Musgraves came into the spotlight as a competitor on the singing program “Nashville Star” in 2007. She has since won over fans and critics alike with her sharp-as-nails stage presence and poignant lyrical content, hearkening back to an era dominated by Loretta Lynn and Tammy Wynette. Her tone is an intoxicating cocktail of Kitty Wells heartache and Dolly Parton determination, with a sprinkle of James McMurtry hard-knock wisdom and snark.
Musgraves will hit the stage at Western Carolina University on Oct. 26.
The Texas-bred singer/songwriter shot into the mainstream with her 2012 smash “Merry Go ‘Round,” a number that confronts the face in the mirror, “Mama’s hooked on Mary Kay/Brother’s hooked on Mary Jane/Daddy’s hooked on Mary two doors down/Mary, Mary quite contrary/We get bored, so, we get married/Just like dust, we settle in this town.” Her latest single, “Blowin’ Smoke,” is as much an anthem as a battle cry for all those wanting more out of small town life, “Wipe down the bar, take out the trash/Light one up and count my cash/Swear I’m never coming back again/I’m just blowin’ smoke.”
It’s not so much that Musgraves is doing something new; she’s holding on to something time-tested and aged to perfection. She represents gritty sincerity and a keen sense of vulnerability, something all-too-often missing from modern country music.
The Smoky Mountain News recently caught up with Musgraves while she wrapped up her European tour in England. She spoke of her influences, how “real” country music isn’t a myth these days, and why enjoying the present is more important than worrying about the past or future.
Smoky Mountain News: What comes first, lyrics or guitar riff? How does the process unfold?
Kacey Musgraves: It’s different every time. There’s no set rhythm to how inspiration hits me. Although I’d say more often than not, I start with lyrics, and then I play with melody.
SMN: What inspires your songwriting?
KM: Everything inspires my songwriting. Living life and messing up, and seeing other people live life and mess up. Conversations, relationships, signs, colors, emotions — all of it.
SMN: Being labeled a “country singer” can sometimes pigeonhole an artist. How do you avoid that, and how would describe your music?
KM: I am undeniably and proudly a country music singer. But above all, I want to make good music, no matter the genre. I would describe my music as a conglomeration of the roots of simple, traditional country music and sprinklings of other kinds of genres that I’m inspired by. Hopefully what forms is a modern-classic vibe.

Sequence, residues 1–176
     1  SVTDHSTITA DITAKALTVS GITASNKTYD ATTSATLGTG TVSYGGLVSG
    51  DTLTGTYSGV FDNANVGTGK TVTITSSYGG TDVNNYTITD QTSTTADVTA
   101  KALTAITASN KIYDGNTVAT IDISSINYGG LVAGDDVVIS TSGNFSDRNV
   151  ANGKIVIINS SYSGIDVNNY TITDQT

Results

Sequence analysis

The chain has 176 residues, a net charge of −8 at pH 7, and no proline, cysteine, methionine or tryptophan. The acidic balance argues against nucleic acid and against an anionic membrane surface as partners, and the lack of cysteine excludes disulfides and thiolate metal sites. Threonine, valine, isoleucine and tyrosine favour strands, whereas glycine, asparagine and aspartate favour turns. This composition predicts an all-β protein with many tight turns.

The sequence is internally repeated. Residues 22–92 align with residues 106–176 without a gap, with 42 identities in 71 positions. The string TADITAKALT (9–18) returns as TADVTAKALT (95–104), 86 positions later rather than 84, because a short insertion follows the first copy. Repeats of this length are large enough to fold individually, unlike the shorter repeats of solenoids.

SMN: You melodies conjure the golden age of country, an age many today feel is long gone, and, at the same time, greatly missed. What are you hopes for your impact on modern country music?
KM: I hope to have a long, happy career in music and always make sure that my lyrics are of the utmost importance. Also, I want to always have the respect of people who aren’t only looking for the “in” thing of the moment.
SMN: Who were your musical influences growing up?
KM: Growing up I sang a lot of Patsy Cline, Dolly Parton and Loretta Lynn. I was also a huge Lee Ann Womack fan.
SMN: What do you say to people that say “real” country music is dead, and that what’s on the radio today isn’t country, but pop music?
KM: There’s a lot of great music being made out there that hasn’t been heard yet, so seek it out yourself. The radio doesn’t always represent every genre in its entirety.
SMN: Listening to your music, I definitely feel you’re taking a different path than other female country singers, a path I haven’t heard from others in years.
KM: I’m a songwriter and I just write about the things than inspire me, which is a very wide variety of things. People want to talk about parts of my songs like they’re wild ideas, but really I’m just being a songwriter.
SMN: Throughout my time interviewing country musicians, I’ve always been fascinated at how varied their musical tastes are. Who’s catching your ear these days?
KM: I love Alison Krauss, Mindy Smith, John Prine, Miguel, Bruno Mars, a lot of old country, Weezer, Cake, Ryan Adams, Brandy Clark — it’s all over the map.
SMN: What’s the future hold for you? How are you handling the attention and award nominations?
KM: People ask me all the time about the future and where I want to be. All I can say is that I want to be happy and continue being a songwriter. I’m learning how to be present and thankful in this current moment and that’s really all I can do.
Want to go?
Kacey Musgraves will perform at 9 p.m. Saturday, Oct. 26, in the Ramsey Regional Activity Center at Western Carolina University. The show is part of the school’s homecoming weekend. Arena seats are $15 for WCU students and $20 for the general public. Floor seats are $20 for WCU students and $25 for the general public. Day-of-show tickets are $20 for arena, $25 for floor. Rayland Baxter opens.
ramsey.wcu.edu or 828.227.7677.